The Pakistani Taliban will coordinate with Islamist activists at major seminaries in or near the capital, Islamabad, to launch attacks if peace talks with the government fail, police said in a report.
Prime Minister Nawaz Sharif took power last year promising to end Pakistan’s insurgency through negotiations. Talks got going in February but have achieved little.
The Pakistani Taliban, allied with but separate from the Afghan Taliban, are fighting to overthrow the government and impose a strict version of Islam on the nuclear-armed nation of 180 million people.
They called a ceasefire beginning on March 1 to facilitate the talks but it officially ended on Thursday. It is unclear if the ceasefire will be extended.
Police said in the report that two well-known seminaries would support attacks in the capital and its twin city of Rawalpindi if the talks break down and the military moves against Taliban bases in areas bordering Afghanistan.
“If talks between the government and the Taliban fail – like-minded religious seminaries and mosques have been given the target of fully contributing in carrying out attacks,” police said in the report, which was prepared last month.
Police identified two well-known seminaries, or madrasas, on the outskirts of Islamabad. They said the two had already helped launch several attacks, including a 2009 assault on the army’s headquarters in Rawalpindi.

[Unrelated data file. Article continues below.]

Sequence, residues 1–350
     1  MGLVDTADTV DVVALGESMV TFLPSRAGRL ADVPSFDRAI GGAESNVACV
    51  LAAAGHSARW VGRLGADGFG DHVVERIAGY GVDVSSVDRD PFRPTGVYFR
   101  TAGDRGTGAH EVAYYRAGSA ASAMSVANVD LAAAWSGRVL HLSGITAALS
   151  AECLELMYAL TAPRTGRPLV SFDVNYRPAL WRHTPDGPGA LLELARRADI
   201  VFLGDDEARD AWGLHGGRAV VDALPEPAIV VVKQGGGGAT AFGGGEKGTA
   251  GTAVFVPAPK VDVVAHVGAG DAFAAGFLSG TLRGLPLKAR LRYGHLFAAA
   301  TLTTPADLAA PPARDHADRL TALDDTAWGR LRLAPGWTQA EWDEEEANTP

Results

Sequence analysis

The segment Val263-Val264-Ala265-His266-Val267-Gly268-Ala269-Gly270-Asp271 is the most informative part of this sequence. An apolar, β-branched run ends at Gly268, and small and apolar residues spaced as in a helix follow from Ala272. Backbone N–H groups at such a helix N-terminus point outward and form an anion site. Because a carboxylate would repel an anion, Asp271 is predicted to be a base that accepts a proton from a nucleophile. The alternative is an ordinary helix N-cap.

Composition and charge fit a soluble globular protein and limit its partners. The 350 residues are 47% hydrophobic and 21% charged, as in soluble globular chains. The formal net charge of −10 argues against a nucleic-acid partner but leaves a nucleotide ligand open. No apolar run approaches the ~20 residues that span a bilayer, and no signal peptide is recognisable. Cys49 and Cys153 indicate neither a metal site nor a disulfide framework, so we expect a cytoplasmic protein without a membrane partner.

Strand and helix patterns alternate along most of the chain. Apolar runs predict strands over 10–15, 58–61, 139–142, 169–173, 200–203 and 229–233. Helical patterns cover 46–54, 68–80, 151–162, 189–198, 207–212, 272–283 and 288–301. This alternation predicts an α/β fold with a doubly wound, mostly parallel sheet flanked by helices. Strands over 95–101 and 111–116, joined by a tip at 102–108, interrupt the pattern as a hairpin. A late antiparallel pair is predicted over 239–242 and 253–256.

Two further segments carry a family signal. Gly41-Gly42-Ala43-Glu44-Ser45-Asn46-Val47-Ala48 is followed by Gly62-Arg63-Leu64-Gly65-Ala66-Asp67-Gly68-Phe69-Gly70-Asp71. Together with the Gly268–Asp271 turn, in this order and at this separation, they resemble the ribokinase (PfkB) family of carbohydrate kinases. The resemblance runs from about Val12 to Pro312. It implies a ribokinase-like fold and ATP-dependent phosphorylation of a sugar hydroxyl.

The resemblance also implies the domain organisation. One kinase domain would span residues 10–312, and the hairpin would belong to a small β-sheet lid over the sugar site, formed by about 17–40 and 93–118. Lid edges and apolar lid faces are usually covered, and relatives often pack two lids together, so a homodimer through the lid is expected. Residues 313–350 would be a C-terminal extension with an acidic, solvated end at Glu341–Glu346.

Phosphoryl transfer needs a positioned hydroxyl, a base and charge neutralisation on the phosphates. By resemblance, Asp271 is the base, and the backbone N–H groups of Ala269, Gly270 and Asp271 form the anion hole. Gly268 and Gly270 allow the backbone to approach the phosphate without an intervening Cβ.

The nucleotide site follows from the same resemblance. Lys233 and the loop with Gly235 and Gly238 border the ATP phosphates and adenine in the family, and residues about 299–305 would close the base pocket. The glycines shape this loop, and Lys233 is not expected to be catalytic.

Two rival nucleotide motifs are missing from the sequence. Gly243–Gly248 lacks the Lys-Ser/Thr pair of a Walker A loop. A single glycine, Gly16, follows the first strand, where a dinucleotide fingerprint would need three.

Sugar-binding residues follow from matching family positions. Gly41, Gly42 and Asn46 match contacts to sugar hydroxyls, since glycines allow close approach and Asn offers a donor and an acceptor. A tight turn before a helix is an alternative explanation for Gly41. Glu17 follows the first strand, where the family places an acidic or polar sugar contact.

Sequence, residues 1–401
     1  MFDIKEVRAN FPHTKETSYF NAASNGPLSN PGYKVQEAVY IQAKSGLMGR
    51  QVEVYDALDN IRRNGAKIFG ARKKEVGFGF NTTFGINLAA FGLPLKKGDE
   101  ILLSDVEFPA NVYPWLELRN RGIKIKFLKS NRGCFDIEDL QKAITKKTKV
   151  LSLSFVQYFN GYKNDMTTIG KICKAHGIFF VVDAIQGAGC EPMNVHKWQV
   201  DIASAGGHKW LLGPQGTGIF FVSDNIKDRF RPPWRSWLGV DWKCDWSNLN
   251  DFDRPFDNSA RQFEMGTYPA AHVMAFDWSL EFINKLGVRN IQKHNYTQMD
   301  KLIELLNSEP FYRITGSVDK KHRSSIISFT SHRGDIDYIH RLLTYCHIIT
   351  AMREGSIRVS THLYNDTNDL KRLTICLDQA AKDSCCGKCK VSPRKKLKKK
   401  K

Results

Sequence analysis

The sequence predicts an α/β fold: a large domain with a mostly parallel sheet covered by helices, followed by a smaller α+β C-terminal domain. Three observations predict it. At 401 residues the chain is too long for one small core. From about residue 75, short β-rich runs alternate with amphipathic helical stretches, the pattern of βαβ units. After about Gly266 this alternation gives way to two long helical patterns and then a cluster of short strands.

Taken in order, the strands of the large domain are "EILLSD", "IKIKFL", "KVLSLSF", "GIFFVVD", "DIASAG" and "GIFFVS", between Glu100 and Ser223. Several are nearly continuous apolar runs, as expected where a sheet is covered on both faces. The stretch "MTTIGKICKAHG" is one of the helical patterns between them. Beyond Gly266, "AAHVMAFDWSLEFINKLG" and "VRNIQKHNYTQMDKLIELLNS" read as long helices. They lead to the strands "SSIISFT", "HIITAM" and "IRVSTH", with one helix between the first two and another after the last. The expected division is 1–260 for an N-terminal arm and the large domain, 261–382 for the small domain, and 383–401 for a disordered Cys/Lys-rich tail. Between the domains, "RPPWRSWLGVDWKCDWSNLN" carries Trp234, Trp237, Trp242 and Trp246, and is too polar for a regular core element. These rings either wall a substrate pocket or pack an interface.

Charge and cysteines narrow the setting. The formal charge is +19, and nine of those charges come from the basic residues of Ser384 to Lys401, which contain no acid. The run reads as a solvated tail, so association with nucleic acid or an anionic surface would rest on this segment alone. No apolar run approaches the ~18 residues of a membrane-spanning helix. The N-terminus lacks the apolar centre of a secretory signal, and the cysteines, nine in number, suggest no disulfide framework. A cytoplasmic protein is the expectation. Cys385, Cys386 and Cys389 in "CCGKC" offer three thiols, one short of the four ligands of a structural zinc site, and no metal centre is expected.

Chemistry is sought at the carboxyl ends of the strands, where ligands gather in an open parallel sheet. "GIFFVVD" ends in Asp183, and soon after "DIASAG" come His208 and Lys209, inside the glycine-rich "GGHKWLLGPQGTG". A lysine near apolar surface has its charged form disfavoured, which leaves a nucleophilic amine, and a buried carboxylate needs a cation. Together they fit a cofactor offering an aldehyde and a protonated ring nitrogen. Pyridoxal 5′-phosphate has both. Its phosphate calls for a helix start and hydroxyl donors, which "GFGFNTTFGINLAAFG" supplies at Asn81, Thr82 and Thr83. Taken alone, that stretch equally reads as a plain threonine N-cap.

One is led by a cleric called Azizur Rehman Hazarvi. It provides “brain washing courses and lessons on sacrificing oneself for jihad”, police said in the report.
The other is run by Fazlur Rehman Khalil, who is on a U.S. terror watch-list and signed a 1996 fatwa or decree from Osama bin Laden in which he declared war on the United States.
At Khalil’s seminary, commanders provide “jihadi weapons training classes” to students from the ethnic Pashtun tribal areas which have long been militant recruiting grounds, police said.
The two seminaries also host fighters who come to carry out attacks and help with “all last minute preparations”, they said.
Militant fighters have set themselves up with activists at hardline mosques in Islamabad before.
In 2007, more than 100 people were killed when security forces assaulted the Red Mosque in the heart of the capital after well-armed fighters from the tribal areas and followers of the mosque’s radical clerics running a Taliban-style movement refused to surrender.
Police and government spokesmen declined to comment on the report but security officials who requested not to be identified said the information was correct. One police officer said 20 seminaries in Rawalpindi were being investigated for similar Taliban links.